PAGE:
l Compilers often use an abstract syntax tree, AST – is much more concise l Compilers often use an abstract syntax tree, AST – is much more concise ASTs are one kind of intermediate representation(IR). – The AST summarizes grammatical structure, without including detail about the derivation. - + Lecture 02: Compiler Overview, 2015 20

The Back End l Responsibilities – – Translate IR into target machine code Choose The Back End l Responsibilities – – Translate IR into target machine code Choose instructions to implement each IR operation Decide which value to keep in registers Ensure conformance with system interfaces Automation has been less successful in the back end IR Instruction Selection IR Register Allocation IR Machine code Instruction Scheduling Errors Lecture 02: Compiler Overview, 2015 21

l Instruction Selection – Produce fast, compact code – Take advantage of target features l Instruction Selection – Produce fast, compact code – Take advantage of target features such as addressing modes – Usually viewed as a pattern matching problem • ad hoc methods, pattern matching, dynamic programming l This was the problem of the future in 1978 – Spurred by transition from PDP-11 to VAX-11 – Orthogonality of RISC simplified this problem Lecture 02: Compiler Overview, 2015 22

l Register Allocation – – Have each value in a register when it is l Register Allocation – – Have each value in a register when it is used Manage a limited set of resources Can change instruction choices & insert LOADs & STOREs Optimal allocation is NP-Complete(1 or k registers) Compilers approximate solutions to NP-Complete problems Lecture 02: Compiler Overview, 2015 23

l Instruction Scheduling – Avoid hardware stalls and interlocks – Use all functional units l Instruction Scheduling – Avoid hardware stalls and interlocks – Use all functional units productively – Can increase lifetime of variables(changing the allocation) Optimal scheduling is NP-Complete in nearly all cases Heuristic techniques are well developed Lecture 02: Compiler Overview, 2015 24

Traditional Three-pass Compiler l Code Improvement (or Optimization) – Analyzes IR and rewrites (or Traditional Three-pass Compiler l Code Improvement (or Optimization) – Analyzes IR and rewrites (or transforms) IR – Primary goal is to reduce running time of the compiled code – May also improve space, power consumption, … l Must preserve “meaning” of the code – Measured by values of named variables Source Code Front End IR Middle End IR Back End Machine code Errors Lecture 02: Compiler Overview, 2015 25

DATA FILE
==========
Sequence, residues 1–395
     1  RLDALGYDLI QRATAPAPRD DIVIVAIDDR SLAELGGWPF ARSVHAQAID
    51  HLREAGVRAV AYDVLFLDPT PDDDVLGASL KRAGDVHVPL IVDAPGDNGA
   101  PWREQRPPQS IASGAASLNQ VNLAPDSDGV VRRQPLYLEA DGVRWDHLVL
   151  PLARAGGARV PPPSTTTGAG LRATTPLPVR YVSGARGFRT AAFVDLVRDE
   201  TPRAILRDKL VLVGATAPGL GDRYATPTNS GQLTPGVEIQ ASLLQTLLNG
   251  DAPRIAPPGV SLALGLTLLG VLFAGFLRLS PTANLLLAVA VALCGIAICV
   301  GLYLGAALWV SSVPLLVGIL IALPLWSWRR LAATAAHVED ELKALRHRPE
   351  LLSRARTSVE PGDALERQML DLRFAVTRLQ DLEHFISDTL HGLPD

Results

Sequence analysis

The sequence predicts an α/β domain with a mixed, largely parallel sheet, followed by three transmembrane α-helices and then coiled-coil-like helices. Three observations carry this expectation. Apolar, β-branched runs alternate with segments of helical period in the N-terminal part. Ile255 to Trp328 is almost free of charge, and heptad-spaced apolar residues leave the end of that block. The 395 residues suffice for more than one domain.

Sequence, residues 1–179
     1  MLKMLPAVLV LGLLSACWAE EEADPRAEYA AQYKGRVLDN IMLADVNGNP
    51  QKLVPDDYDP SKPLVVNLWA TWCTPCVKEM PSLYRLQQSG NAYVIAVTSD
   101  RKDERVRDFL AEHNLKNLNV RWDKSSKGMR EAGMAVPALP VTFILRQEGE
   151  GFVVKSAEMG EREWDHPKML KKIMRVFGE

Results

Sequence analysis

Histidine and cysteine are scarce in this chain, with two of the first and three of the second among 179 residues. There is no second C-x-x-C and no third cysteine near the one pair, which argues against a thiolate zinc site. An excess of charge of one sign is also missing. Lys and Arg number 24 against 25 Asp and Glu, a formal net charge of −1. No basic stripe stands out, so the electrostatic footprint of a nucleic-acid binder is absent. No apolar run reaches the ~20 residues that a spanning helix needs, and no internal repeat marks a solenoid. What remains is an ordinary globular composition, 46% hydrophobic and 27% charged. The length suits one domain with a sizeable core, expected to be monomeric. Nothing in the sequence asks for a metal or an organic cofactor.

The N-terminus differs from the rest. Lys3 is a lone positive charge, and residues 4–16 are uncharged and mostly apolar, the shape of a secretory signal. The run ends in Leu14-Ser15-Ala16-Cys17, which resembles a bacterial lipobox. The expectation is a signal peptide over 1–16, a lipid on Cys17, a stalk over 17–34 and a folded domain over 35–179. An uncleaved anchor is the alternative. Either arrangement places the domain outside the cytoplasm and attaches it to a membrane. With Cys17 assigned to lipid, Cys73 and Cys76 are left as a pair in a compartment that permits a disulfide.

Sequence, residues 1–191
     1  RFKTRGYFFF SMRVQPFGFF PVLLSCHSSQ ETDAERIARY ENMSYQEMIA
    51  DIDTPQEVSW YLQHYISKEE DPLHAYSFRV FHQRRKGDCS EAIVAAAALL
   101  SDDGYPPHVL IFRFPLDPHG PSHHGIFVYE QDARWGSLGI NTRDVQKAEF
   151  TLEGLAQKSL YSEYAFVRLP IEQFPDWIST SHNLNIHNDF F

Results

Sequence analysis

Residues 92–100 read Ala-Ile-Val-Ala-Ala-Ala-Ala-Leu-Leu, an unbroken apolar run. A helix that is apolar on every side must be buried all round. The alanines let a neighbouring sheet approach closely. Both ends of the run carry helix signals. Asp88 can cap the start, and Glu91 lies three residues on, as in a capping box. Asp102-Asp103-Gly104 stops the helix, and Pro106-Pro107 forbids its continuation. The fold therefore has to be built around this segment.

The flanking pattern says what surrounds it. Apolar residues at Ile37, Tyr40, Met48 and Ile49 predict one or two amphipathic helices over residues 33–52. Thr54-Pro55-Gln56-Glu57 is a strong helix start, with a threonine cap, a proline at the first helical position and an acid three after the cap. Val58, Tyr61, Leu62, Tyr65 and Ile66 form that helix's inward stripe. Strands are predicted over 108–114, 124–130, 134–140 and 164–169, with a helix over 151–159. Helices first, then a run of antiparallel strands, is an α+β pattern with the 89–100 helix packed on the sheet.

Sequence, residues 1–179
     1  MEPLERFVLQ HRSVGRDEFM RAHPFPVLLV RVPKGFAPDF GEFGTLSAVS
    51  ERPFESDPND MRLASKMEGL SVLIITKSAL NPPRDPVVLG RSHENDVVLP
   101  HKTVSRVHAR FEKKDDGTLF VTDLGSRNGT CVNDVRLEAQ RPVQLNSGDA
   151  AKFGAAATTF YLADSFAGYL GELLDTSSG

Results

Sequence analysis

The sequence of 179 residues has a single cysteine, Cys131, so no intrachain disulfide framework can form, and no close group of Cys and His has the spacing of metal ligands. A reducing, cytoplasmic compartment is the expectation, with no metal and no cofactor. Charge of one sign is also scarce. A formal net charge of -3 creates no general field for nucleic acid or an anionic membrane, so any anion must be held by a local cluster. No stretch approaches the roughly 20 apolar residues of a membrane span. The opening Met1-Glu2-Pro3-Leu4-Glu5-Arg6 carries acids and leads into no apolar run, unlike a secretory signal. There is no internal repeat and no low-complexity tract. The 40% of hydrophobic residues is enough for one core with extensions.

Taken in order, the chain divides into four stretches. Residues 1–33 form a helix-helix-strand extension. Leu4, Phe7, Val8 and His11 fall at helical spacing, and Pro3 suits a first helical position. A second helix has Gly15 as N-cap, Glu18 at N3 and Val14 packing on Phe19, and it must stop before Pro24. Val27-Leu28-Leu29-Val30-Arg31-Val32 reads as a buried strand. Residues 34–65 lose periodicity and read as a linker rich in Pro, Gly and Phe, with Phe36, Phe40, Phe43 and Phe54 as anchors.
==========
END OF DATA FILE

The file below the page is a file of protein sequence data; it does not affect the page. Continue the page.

The Optimizer (or Middle End) l Typical Transformations – – – Discover & propagate The Optimizer (or Middle End) l Typical Transformations – – – Discover & propagate some constant value Move a computation to a less frequently executed place Specialize some computation based on context Discover a redundant computation & remove it Remove useless or unreachable code Encode an idiom in some particularly efficient form IR O pt 1 IR O pt 2 IR O pt 3 IR. . . O pt n IR Errors Lecture 02: Compiler Overview, 2015 26

Modern Restructuring Compiler l Typical Restructuring Transformations: – – – Blocking for memory hierarchy Modern Restructuring Compiler l Typical Restructuring Transformations: – – – Blocking for memory hierarchy and register reuse Vectorization Parallelization All based on dependence Also full and partial inlining Source Code Front End HL HL AST Restructure AST r IR Gen IR Opt + Back End Machine code Errors Lecture 02: Compiler Overview, 2015 27

Role of the Run-time System l Memory management services – Allocate • In the Role of the Run-time System l Memory management services – Allocate • In the heap or in an activation record (stack frame) – Deallocate – Collect garbage l Run-time type checking l Error processing l Interface to the operating system – Input and output l Support of parallelism – Parallel thread initiation – Communication and synchronization Lecture 02: Compiler Overview, 2015 28